A man was put into a potentially awkward situation a couple of nights ago. You know the one, when he’s at a formal dinner and a skilled professional dancer asks him to dance. This however wasn’t one of those normal situations. This was Barack Obama, husband, father, POTUS, and now, tango dancer.
All the world’s press ‘eyes’ were on him, with reactions and micro-expressions being analysed in minutiae as he accepted the invitation. At first he politely declined, but then rose from the table and got ready to tap into his dance reserves. Facebook was filled with social tango dancers excitedly sharing videos of the dancing, “first Pope Francis and now Obama!” read the comments. Some gave critique on his performance, posture, walk, others talked about how the finish was, his salsa moves knocking her tango poise off balance, her back-leading (well they were ‘performing’ and he wasn’t doing enough). A few teachers jokingly (some not) said that if he needed lessons they could come to him.
The thing is, he was lucky. Few people have the chance to ‘try’ with an experienced dancer and with so much space around them. The tourists who visit milongas in Buenos Aires wanting to dance thinking they can ‘wing it’, without actually having an idea about how the dance and more importantly the social setting of tango works, end up causing more chaos for others than the fun they have. No one ‘wins’ at the end of the day and tango remains one of those dances that is too difficult to attempt but interesting enough to bring up in small talk “you know I’ve tangoed in BAs”.
But the other thing is this, tango was lucky. Whether it’s the President of the United States or your friend who has just seen an old Saura film and wants to dance, it’s moments like these that bring tango up on someone’s radar, and possibly inspire them to try. I’m grateful for those moments because tango doesn’t scream at you to start, it burns bright and captivates, then it’s up to you to find it. Whether it’s one of the academies that has sprung up in Buenos Aires now multi-million pound tango market or you are able to find a local teacher who is passionate about the social side, the craft and practise, not steps and certificates, the thing is to start. Yes you can.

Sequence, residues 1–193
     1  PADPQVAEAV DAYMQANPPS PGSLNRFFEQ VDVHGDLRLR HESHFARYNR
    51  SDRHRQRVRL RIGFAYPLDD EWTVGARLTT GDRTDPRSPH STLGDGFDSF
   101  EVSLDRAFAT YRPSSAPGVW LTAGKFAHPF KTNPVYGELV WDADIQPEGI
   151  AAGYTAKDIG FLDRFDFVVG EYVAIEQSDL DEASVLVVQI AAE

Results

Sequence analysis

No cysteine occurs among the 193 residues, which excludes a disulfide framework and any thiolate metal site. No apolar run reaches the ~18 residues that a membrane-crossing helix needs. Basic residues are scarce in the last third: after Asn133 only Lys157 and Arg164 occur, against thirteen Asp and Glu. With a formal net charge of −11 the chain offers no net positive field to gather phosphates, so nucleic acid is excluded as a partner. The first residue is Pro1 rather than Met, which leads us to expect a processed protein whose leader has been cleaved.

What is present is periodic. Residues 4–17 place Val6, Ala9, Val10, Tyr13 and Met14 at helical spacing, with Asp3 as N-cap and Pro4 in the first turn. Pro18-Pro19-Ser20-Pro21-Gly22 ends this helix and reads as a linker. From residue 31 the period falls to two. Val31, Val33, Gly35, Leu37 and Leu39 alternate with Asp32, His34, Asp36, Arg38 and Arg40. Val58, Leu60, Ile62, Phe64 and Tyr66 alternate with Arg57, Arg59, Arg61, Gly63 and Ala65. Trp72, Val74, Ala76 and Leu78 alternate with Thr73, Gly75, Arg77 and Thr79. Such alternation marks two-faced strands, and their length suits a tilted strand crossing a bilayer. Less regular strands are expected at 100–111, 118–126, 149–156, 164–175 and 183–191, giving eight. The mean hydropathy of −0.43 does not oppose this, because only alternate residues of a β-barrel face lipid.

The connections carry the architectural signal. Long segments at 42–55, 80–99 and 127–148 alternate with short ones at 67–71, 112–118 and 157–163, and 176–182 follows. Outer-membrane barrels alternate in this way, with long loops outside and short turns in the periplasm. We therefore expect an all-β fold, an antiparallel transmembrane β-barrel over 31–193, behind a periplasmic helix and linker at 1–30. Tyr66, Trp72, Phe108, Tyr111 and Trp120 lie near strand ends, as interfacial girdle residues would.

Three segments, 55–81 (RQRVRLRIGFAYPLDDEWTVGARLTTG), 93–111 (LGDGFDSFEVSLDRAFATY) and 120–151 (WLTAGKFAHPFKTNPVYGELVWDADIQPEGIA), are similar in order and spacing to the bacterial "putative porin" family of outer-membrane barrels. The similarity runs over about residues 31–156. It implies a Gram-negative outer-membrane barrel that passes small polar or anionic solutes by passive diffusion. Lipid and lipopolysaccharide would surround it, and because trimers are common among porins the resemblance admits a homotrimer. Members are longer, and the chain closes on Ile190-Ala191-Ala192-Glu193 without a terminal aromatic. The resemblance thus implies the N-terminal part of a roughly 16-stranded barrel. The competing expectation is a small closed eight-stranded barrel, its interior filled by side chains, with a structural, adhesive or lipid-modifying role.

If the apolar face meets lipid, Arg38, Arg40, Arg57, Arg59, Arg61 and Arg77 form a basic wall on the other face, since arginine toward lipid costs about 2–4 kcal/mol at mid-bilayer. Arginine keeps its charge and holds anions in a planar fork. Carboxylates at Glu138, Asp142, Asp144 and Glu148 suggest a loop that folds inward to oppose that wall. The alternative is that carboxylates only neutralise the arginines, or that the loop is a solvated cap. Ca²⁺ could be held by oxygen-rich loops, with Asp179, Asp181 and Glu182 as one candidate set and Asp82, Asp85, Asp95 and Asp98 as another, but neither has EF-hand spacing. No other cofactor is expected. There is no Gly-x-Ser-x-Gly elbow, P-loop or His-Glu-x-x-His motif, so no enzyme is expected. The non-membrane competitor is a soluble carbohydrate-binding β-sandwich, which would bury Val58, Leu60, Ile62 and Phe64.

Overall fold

I first heard about the Sunderland practica in Villa Urquiza from a friend talking about amazingly elegant and clean dancers. Curious, I went to see what it was all about. I arrived in this large room with stripes marked on the floor trying not to feel totally out of my element but after 2 minutes felt welcome.
The practica starts in the same way each week, an hour of individual practice, walking and then ochos. Men on one side of the room and women on the other. Like any practice it took me a while to settle into it. Distracted, I wanted to dance, stretch more. “No” said one of the young assistants, ‘too much stretch is exaggerating your walk…”
Slowly, with each step I began to get into the zone, concentrating on different elements of my movement, my weight, how I would start, finish, how I felt, trying to remember the different feelings, just walking in time to the music. There was so much there walking by myself that the hour flew by, I found myself wanting to carry on when the dancing part started.
There was a mature elegant lady who with her assistant was supervising us girls whilst the boys were under the watchful eye of her husband. Both of them were so welcoming and friendly, they invited me to join the group of dancers left at the end for a spot of dinner. After I learnt that Carlitos Perez and his wife Rosa are teachers and dancers with a wealth of experience and they have been running the pratica at Sunderland for years, producing champions of the salon competitions but more importantly amazing social dancers who have beautiful smooth walks and rich turns. Yes I’m talking about the likes of Sebastian Jimenez & Maria Ines Bogado, Dante Sanchez & Ines Muzzopappa.
To open the first day of the advent calendar, here’s a picture of the practica at Sunderland, courtesy of Frank Seifart. Bottom right you can see Carlitos at work
via Cristina Diacono